When the city announced plans to cut the Summer Youth Employment Program, Executive Vice President Sandra Escamilla-Davies rang the alarm to warn that cutting funding to the program would have dire consequences for thousands of young people — especially young people of color.
Viewers learned what our families were struggling with, witnessed how we quickly adapted to ever changing circumstances, and many reached out to offer help.
See media highlights of our coverage.
Bronx Virtual Town Hall Serves as Vital School Reopening Resource
As the city prepared for an unprecedented school year, we made sure we heard directly from our community members about the incredibly complicated task of reopening schools during the pandemic. In August, our Public Policy team partnered with our Bronx Impact initiative, which brings together residents, nonprofits, businesses, and government officials to implement solutions that increase social mobility in high-poverty South Bronx communities. Together, Public Policy and Bronx Impact hosted an NYC School Reopening Forum to provide an opportunity for students, parents, teachers, principals, and others in the Bronx to openly discuss how they were feeling about reopening.
The community members expressed a wide range of concerns, thoughts, and ideas around school reopening, ranging from personal protective equipment and safety supplies, to mental health of students as well as teachers. There was a sense of being caught between two undesirable choices; torn between worry about students’ socialization and academics, and worry about the safety level of schools reopening.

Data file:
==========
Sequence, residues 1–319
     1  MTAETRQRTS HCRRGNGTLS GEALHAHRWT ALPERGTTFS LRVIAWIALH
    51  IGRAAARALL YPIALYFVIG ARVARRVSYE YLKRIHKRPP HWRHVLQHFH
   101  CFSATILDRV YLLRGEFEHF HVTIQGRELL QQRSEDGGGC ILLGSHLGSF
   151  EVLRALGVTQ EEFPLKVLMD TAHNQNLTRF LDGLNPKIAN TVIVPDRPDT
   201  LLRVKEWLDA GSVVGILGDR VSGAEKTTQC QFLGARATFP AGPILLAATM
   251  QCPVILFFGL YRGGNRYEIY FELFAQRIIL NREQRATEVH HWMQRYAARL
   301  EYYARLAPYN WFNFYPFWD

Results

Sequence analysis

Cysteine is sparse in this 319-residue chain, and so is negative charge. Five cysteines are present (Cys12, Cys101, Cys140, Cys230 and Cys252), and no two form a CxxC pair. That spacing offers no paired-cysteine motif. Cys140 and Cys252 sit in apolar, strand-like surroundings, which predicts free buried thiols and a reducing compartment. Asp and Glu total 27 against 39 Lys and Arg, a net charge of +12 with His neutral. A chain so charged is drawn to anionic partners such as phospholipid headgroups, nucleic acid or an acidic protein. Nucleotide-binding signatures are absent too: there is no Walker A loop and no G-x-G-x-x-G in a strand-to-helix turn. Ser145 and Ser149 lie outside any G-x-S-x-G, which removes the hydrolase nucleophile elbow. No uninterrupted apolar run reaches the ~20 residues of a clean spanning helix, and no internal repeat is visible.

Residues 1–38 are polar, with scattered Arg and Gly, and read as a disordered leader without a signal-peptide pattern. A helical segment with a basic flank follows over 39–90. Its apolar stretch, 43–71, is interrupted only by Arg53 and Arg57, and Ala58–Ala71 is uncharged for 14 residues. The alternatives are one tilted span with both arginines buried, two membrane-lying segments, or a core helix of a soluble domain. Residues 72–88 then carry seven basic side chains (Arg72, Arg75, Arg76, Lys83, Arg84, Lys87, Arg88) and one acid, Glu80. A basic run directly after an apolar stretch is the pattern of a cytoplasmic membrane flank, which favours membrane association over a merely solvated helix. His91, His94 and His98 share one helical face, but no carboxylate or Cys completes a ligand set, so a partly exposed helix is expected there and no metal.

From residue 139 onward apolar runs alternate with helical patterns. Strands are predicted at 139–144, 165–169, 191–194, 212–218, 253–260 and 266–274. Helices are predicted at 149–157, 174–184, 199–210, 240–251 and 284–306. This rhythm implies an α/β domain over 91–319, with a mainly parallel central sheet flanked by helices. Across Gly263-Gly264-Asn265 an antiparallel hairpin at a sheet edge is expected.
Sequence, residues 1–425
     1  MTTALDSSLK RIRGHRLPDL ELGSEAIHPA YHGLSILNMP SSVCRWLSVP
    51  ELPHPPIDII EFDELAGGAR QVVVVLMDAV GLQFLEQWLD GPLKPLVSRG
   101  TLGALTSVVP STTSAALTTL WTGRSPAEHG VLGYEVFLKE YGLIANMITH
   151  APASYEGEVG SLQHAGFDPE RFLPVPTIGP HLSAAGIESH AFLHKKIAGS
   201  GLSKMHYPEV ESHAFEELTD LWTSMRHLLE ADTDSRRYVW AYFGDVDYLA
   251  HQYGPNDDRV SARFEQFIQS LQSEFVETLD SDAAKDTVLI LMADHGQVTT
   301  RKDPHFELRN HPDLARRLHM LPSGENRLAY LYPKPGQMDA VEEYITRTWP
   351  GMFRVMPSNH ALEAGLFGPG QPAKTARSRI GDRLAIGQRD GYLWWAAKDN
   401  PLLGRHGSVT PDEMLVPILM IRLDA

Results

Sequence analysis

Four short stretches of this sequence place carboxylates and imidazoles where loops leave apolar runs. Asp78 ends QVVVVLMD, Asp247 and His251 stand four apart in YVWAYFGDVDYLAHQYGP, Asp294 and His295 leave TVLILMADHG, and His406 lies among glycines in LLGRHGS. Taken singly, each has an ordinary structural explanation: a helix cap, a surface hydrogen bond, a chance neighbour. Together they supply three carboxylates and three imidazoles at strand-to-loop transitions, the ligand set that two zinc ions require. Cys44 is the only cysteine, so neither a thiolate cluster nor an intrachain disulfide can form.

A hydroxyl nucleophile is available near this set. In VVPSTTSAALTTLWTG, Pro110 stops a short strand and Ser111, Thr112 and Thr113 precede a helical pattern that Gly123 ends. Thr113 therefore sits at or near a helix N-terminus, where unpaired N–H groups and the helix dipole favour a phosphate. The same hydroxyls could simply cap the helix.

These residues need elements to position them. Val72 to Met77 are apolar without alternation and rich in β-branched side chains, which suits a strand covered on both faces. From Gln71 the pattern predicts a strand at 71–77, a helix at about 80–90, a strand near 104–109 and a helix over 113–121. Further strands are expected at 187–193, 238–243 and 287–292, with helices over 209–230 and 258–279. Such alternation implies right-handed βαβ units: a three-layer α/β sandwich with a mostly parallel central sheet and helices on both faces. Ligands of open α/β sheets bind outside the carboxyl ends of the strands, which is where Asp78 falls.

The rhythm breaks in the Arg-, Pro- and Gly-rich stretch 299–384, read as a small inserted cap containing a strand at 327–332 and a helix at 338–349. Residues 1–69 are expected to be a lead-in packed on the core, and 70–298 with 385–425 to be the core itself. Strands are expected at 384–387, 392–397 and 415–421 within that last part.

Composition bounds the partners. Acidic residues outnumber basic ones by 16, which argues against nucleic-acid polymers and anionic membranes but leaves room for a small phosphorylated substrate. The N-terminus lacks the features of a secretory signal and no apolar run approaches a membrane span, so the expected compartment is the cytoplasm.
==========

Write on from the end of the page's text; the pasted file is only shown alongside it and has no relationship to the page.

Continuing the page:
The forum also took the opportunity to clearly explain to community members the choice parents had to make between remote and blended learning options. There was a real sense that parents either did not know about the decision deadline, or were confused about the choices. The forum was held a few days before a decision was due to the Department of Education, so the team was able to present to forum participants the two choices, and how to switch back and forth between them during the school year.
Community members that attended the forum expressed that they greatly appreciated the time to speak with others about their concerns, and were especially grateful to have a space where they could be heard. Public Policy and Bronx Impact will be keeping front of mind all they learned at the forum in their work, and are hoping to have similar events in the future to ensure our advocacy is informed by the very communities we aim to impact.
Persevering Through COVID-19 Food Shortages
At the beginning of COVID-19, Luz Ramirez and her 3- and 4-year-old grandkids in her care, Aubrey and Milagros, were bearing the brunt of living in the world’s epicenter. The children were enrolled in our Bronx Early Childhood Center, and when school went virtual and people began to panic shop, Luz lacked virtual devices and faced a diaper shortage. Fortunately, Children’s Aid was able to provide remote devices and emergency diaper deliveries, but then the family — just like many others in New York City — continued to grapple with another major concern: food access.